Hit-&-Run Amber Alerts Proposed For California
If those alarming Amber Alert freeway messages grab your attention, be prepared for more of the same. Maybe.
L.A.-based California Assemblyman Mike Gatto today officially proposed a law that would create Amber Alert-like roadside messages when police are searching for suspects in serious and recent hit-and-run collisions. He calls the bulletins "yellow alerts."
See also: L.A.'s Bloody Hit-and-Run Epidemic
The legislator had been mulling the bill for more than 2 years, his office tells us, following L.A. Weekly's coverage of the city's hit-and-run crisis:
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The proposal's language will fill a place-marked, unrelated bill that targeted prank 911 calls to celebrity homes (a.k.a. swatting). That version of AB 47 was paused after another assemblyman got similar legislation passed.
In Sacramento they call this process "gut and amend:" Previous and valid legislation is used to carry a wholly different proposal.
The deadline to introduce new legislation has passed, so Gatto had to dust off this shelved but still viable bill to carry his hit-and-run proposal.
According to a statement from his office, the bill would ...
... allow law-enforcement agencies to use the existing Emergency Alert System (of which "Amber" Alerts are a part) to notify the public of specific descriptions of vehicles suspected of being involved in a hit-and-run collision. Use of the system would be limited to hit-and-runs that result in death or serious bodily injury. Alerts would issue only when there is a sufficient description of the offending vehicle.
His office says Gatto was planning on introducing the legislation next year but was inspired to act sooner.
"This was an idea my staff had been toying with for a couple years now," Gatto tells us. "We figured now was the right time to do it."
The L.A. City Council last month approved a motion by L.A city Councilman Mitch Englander to support state legislation that would create an Amber Alert-like system based on Colorado's successful Medina Alert System, established in 2012.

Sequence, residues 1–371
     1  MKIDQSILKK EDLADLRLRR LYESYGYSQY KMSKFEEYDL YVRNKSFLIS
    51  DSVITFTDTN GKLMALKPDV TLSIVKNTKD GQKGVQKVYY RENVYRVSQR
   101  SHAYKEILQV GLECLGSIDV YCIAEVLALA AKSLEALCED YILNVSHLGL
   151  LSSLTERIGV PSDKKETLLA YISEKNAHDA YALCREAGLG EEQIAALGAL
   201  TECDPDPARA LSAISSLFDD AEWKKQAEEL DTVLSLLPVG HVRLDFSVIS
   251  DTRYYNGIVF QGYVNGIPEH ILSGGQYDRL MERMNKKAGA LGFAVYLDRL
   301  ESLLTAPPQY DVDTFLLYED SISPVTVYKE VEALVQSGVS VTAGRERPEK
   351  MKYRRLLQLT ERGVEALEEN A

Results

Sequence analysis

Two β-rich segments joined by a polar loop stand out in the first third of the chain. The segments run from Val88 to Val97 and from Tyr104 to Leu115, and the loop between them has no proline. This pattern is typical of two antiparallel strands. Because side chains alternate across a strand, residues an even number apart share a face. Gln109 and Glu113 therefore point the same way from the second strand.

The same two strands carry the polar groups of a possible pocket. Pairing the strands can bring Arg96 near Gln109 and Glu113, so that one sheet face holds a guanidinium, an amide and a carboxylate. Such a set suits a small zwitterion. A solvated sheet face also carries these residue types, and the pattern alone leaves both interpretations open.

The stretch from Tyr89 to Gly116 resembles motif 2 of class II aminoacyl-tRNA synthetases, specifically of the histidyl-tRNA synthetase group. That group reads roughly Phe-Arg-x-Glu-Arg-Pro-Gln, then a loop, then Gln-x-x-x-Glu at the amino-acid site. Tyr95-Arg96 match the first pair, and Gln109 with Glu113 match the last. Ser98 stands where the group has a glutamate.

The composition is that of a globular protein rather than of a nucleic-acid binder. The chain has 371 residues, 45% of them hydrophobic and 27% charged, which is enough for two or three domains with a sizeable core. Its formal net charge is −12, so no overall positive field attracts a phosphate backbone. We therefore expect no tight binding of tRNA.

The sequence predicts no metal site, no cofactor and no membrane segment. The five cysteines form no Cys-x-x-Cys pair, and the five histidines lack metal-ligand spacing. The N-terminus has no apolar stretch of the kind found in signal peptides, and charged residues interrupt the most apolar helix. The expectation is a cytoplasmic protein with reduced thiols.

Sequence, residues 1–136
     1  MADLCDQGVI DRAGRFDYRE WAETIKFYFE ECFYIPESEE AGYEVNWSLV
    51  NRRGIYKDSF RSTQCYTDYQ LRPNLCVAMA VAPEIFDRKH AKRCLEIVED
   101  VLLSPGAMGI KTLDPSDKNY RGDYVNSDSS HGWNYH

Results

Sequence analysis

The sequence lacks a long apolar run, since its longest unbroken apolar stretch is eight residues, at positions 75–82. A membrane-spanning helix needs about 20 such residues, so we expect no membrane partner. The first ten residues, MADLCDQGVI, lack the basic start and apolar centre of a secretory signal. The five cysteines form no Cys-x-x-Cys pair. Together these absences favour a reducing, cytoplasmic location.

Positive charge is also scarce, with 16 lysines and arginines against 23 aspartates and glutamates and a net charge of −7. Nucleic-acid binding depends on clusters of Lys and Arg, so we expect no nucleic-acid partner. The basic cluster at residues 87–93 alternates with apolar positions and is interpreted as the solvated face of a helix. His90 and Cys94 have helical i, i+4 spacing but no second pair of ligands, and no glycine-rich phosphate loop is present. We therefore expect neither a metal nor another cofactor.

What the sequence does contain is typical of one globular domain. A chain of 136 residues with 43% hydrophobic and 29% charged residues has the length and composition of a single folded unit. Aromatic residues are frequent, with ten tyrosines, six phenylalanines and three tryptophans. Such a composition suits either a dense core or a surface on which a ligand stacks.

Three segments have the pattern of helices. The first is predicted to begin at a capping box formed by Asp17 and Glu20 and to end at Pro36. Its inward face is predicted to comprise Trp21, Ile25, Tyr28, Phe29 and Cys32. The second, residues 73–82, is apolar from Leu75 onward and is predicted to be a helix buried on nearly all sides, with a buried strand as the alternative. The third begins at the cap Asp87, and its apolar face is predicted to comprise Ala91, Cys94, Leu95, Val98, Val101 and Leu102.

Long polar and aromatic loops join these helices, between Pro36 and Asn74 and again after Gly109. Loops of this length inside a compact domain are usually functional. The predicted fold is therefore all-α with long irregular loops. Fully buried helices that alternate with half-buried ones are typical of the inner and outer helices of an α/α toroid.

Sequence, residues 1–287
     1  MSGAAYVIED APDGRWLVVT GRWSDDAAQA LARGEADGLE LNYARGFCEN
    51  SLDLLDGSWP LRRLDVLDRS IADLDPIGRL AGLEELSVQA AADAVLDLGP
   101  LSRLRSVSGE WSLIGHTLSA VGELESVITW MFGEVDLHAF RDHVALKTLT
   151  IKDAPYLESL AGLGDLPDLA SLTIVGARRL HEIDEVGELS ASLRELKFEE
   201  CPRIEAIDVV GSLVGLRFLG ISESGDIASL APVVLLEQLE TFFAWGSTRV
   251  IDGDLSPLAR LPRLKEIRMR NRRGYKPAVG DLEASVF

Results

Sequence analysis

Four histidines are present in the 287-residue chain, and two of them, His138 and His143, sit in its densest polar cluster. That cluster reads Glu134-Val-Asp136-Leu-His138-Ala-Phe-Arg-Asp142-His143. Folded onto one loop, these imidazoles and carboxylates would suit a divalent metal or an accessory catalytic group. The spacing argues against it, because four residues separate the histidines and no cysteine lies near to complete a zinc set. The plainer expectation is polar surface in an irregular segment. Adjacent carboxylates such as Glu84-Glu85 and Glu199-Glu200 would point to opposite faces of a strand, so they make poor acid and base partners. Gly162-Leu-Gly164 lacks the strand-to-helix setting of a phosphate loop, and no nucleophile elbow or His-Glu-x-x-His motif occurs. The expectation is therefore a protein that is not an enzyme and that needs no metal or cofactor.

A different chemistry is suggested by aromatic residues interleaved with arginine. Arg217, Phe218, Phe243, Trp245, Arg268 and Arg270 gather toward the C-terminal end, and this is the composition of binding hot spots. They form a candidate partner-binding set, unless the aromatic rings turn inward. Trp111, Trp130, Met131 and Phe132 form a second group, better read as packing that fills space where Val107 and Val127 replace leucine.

Gatto says that while only 1 out of 5 deadly hit-and-runs in L.A. ends with a suspect in custody, Denver's fatal hit-and-run arrest rate is 76 percent following the roll-out of Colorado's Medina bulletins.
Will you tire of seeing messages on your freeway commute? Gatto says he was cognizant of "alert fatigue" and was careful to make this bill "really narrow" so that the alerts would be focused.
For example, he told us, a Silver Lake hit-and-run would inspire only messages on stretches of nearby freeways such as the 5 and 101. People in San Diego or San Francisco wouldn't see these alerts.
And the Amber Alert component that sends alarming bulletins to your smartphone would not be utilized, he said. AB 47 is only about those state-run electronic billboards you see on your freeway commute.
"This is very narrow," he said. "It would only utilize those arteries people would use to make their getaways."
Gatto has been Sacramento's lead legislator on hit-and-run bills, including a law, signed by Gov. Jerry Brown, that doubled the statute of limitations for hit-and-run cases to 6 years instead of the previous 3.
Another Gatto bill that would mean the 6-month loss of your license if you flee even a minor injury accident is working its way through the state Senate now.
His office acknowledges being inspired by L.A. Weekly's coverage of what we called Los Angeles' "hit-and-run epidemic."
AB 47 and its proposed yellow alerts will be heard in by Senate Public Safety Committee June 24.
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